Poetry 2012 / Volume 43

An Argument for the Twentieth Century — Daniel Poppick

There are gods who define the word grass and other gods in the shape of grass itself. You say the word before climbing into the dining room through the window. You try to walk lightly, to diminish the sound of broken glass snapping on hardwood floor. You have a part to play tonight.

Your audience, sympathetic to the narrative but not to you, watches to see if you will trip the wire that feeds the music to the kitchen, where you all notice that someone must be cooking a dish too heavy with sage. They are not unreasonable, these people. Water buckets are nearly brimming at their feet; some of them argue that you deserve what’s coming, while others remain silent and affect a reverence for the screen.

And there you are. You try to count the eyes fixed on the portion of your face cut with artificial light as you bend to look through a crack in the door. A kind of country song leaks in. You brush both grass and glass from your boots. And your audience has been waiting all night for this. They heave water at the screen and sing along, drowning out the recorded lyrics, Bless my soul what’s wrong with me/I’m itchin’ like a man on a fuzzy tree.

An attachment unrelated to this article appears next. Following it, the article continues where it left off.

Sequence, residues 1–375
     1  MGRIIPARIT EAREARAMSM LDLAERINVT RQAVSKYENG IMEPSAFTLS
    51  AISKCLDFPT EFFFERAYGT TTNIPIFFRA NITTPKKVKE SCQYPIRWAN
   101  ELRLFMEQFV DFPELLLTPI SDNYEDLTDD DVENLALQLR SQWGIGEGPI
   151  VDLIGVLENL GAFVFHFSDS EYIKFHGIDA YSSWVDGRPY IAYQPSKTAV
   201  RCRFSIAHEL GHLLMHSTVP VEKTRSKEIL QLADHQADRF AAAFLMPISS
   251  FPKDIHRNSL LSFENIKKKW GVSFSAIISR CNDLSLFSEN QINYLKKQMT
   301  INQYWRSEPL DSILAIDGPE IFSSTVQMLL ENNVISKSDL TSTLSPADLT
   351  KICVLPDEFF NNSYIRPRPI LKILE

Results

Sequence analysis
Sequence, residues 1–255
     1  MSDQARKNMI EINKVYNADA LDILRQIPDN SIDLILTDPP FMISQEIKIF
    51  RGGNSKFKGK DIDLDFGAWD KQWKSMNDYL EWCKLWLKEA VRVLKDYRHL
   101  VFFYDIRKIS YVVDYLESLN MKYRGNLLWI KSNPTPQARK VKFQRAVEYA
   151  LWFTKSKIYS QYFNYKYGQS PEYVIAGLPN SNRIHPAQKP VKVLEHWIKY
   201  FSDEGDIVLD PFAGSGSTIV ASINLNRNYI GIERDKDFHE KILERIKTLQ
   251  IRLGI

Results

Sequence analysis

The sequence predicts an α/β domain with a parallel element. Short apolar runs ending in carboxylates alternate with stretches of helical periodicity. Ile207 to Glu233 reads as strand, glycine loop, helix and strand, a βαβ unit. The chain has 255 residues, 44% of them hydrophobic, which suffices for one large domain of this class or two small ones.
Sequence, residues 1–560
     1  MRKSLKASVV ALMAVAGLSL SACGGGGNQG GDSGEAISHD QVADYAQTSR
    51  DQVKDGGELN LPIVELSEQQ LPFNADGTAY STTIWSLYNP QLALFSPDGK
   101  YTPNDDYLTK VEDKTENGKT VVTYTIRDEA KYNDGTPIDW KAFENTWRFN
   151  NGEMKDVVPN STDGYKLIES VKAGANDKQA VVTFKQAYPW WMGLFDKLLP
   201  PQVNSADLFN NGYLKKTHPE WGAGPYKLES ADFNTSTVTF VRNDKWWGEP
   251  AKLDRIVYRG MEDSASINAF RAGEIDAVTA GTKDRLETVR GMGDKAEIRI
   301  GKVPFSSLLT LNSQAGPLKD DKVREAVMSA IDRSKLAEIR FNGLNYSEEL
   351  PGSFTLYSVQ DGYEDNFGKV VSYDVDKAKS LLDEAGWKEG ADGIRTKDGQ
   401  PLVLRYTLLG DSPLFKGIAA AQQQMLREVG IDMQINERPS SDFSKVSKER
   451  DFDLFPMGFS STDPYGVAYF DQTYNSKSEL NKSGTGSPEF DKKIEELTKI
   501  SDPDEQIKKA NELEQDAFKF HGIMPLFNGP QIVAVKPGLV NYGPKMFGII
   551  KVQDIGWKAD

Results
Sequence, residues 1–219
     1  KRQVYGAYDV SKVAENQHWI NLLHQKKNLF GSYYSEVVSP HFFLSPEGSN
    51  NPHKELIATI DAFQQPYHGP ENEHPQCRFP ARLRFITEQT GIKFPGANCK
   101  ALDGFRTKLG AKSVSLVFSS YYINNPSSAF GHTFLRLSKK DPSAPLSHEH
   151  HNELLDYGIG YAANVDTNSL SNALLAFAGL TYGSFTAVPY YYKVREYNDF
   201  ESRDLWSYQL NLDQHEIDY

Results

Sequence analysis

One thought on “An Argument for the Twentieth Century — Daniel Poppick

  1. Pingback: Current Issue: Volume 43, Number 1 — Poetry Issue, Fall 2012 | Coe Review

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